And a drill bit swapped in to finish the lag bolt hole

And a drill bit swapped in to finish the lag bolt hole

Swap the bit, then drill through for the shank of the lag bolt and washer.

Stack of small braces ready for installation

Stack of small braces ready for installation

These larger braces had one additional cut that was done on site. The brace was laid in place against the rafter and scribed. This piece was then removed so the brace would fit tightly to the shape of the rafter.

A similar brace being installed on my woodshed

A similar brace being installed on my woodshed

To attach the small braces I hold them in place and drill into a post then beam. Then with an impact driver I run in the galvanized lag bolt. This is a clip from my woodshed build where I used a similar curved brace.

Side view of the pergola with bracing flying in

Side view of the pergola with bracing flying in

Eight of these braces are required for the sides of the pergola and attach to the posts and 6×6 beams.

Front view with the larger braces flying in

Front view with the larger braces flying in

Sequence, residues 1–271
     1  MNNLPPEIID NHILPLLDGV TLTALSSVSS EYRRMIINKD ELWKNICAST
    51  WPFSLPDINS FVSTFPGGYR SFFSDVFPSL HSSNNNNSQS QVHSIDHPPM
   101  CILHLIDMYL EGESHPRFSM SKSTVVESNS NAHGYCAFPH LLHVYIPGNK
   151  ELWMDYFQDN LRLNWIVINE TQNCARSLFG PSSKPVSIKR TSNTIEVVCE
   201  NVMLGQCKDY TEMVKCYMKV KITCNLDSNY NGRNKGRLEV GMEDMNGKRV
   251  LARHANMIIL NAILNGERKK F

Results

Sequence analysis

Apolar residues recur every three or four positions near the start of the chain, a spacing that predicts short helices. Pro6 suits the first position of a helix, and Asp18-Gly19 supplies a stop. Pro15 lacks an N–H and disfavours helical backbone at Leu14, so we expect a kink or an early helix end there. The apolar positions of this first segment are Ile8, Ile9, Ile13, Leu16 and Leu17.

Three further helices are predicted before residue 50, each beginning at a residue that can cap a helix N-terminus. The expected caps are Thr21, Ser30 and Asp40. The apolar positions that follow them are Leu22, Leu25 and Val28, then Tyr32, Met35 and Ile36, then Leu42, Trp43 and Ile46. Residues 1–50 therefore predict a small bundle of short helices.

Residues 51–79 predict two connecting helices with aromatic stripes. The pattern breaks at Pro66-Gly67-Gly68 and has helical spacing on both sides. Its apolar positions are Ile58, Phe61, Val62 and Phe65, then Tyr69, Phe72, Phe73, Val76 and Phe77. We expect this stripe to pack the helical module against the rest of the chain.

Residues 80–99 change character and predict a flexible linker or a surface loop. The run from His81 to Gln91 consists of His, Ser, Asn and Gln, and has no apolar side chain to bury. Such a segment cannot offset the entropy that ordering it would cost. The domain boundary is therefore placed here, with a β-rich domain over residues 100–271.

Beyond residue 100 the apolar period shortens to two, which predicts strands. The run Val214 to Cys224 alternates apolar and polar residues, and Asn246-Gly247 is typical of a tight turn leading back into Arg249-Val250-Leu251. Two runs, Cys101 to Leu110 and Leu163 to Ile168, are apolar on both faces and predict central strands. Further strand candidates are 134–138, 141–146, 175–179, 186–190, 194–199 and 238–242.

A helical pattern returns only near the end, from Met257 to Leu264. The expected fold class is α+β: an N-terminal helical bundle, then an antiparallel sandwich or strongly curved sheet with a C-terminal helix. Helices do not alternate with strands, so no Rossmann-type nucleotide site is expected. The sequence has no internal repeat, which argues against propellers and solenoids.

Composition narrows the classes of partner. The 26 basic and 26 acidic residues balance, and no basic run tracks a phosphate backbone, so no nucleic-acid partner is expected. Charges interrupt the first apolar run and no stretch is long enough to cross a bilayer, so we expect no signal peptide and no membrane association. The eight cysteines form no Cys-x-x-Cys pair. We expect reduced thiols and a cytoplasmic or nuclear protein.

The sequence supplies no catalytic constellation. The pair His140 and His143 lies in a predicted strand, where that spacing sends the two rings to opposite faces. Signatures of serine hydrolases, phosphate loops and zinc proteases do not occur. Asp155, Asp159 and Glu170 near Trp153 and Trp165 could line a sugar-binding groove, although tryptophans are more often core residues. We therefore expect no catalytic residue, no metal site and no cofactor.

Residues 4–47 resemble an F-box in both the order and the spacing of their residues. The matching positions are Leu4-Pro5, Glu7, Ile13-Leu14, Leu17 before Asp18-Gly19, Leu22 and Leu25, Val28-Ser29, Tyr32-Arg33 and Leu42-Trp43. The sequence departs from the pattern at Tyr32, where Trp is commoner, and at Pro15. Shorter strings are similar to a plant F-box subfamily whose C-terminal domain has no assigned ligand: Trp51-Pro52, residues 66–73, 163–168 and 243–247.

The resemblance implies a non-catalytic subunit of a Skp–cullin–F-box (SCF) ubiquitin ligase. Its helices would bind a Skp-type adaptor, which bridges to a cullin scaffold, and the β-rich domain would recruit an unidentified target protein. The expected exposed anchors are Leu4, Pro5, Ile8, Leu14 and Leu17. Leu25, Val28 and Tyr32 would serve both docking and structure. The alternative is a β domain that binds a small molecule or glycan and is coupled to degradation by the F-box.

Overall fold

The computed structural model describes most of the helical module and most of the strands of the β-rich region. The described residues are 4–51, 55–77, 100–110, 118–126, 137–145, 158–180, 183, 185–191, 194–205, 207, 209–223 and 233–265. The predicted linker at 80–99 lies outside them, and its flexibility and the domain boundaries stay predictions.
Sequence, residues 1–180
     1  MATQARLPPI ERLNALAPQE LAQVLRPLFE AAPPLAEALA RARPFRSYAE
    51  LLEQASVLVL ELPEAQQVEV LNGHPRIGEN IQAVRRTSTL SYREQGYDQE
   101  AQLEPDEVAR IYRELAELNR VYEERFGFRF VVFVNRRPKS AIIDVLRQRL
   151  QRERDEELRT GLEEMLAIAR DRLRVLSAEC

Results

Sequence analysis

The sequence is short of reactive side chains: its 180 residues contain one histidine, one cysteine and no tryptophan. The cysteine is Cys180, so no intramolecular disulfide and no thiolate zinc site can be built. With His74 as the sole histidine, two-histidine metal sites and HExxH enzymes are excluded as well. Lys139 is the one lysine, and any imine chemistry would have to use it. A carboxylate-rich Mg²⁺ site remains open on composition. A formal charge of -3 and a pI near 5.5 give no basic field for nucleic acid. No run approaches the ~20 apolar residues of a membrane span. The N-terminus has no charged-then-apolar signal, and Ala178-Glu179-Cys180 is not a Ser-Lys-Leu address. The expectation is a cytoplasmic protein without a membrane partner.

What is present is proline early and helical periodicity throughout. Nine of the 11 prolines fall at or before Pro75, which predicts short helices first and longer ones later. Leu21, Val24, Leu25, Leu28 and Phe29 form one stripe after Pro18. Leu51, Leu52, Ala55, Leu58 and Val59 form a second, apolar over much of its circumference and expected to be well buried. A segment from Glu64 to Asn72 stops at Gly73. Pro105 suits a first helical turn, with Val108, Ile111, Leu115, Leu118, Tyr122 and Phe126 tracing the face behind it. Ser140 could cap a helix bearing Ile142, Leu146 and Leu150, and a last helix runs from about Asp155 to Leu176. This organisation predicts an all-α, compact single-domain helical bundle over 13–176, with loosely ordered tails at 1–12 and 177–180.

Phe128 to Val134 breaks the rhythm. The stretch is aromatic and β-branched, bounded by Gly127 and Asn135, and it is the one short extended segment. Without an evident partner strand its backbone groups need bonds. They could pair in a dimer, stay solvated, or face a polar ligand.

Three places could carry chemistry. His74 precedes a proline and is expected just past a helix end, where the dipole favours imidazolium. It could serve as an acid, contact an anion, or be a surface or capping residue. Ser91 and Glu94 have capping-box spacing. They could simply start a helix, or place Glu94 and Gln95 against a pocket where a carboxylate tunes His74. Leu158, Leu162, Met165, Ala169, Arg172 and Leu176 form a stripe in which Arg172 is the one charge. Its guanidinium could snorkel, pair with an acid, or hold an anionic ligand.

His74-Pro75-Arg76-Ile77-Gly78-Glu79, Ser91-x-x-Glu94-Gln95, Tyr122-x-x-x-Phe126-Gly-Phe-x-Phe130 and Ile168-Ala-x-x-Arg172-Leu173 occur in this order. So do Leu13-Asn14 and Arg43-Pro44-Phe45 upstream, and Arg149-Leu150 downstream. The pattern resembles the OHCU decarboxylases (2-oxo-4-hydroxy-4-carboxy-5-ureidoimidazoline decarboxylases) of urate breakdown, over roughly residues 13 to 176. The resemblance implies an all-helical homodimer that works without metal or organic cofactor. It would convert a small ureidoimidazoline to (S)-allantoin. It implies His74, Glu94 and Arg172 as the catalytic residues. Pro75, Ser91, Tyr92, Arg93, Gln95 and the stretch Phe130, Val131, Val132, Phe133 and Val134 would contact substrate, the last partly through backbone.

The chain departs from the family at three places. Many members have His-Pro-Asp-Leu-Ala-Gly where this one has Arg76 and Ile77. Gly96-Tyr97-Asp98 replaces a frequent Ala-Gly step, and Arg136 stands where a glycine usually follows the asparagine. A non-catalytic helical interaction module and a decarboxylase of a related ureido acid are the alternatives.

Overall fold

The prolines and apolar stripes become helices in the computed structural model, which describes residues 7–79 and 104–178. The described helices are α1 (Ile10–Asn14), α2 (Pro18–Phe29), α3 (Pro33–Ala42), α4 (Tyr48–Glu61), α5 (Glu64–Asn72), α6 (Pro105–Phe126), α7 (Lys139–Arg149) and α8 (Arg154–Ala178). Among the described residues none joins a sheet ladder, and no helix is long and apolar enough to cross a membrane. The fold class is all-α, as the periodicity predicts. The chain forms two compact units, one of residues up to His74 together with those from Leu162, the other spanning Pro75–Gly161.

This process was repeated for the larger braces that are secured to the posts and rafters.

Now all the temporary bracing is removed.

The LOUVERS

The three louvers, or more if needed, are made from 2×4 stock. They are simply cut to length then chamfered. They are positioned over the rafters and screwed in place.

Louvers beside the main beams and ridge beam

Louvers beside the main beams and ridge beam

And that is it. The curved pergola is done. Let me know what you think by dropping a note in the comment section. I try to reply to as many questions as I can.

Louvers being dropped in

Louvers being dropped in

Thank you so much for reading.

Cedar Curved Pergola Outdoor Structure is done!

Cedar Curved Pergola Outdoor Structure is done!

And thanks to everyone who has supported our channel through Patreon. It’s very much appreciated.

I have a full set of plans available for download.

If you have any questions, please leave them in the comments below. Thanks for reading

See also:  Shed Style Garden Pavilion

Pictures after 5 Years

Here’s some pictures taken last November to show how the pergola has aged. I think it’s holding up very well. It’s the worse time of year for any flattering photos but maybe that’s okay.

a5 P1050328

a5 P1050327

a5 P1050325

There’s a long crack in one beam but that’s all I could find of any significance.

a5 P1050324

a5 P1050321

a5 P1050320

And that’s all. Thanks!